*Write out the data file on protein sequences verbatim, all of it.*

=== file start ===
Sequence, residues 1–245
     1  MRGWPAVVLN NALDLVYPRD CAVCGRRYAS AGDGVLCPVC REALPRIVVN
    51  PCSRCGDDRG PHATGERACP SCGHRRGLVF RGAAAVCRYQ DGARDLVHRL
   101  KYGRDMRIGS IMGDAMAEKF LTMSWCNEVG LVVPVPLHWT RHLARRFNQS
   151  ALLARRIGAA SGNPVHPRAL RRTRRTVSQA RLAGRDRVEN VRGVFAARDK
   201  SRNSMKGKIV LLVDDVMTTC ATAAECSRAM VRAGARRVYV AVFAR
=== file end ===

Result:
Sequence, residues 1–245
     1  MRGWPAVVLN NALDLVYPRD CAVCGRRYAS AGDGVLCPVC REALPRIVVN
    51  PCSRCGDDRG PHATGERACP SCGHRRGLVF RGAAAVCRYQ DGARDLVHRL
   101  KYGRDMRIGS IMGDAMAEKF LTMSWCNEVG LVVPVPLHWT RHLARRFNQS
   151  ALLARRIGAA SGNPVHPRAL RRTRRTVSQA RLAGRDRVEN VRGVFAARDK
   201  SRNSMKGKIV LLVDDVMTTC ATAAECSRAM VRAGARRVYV AVFAR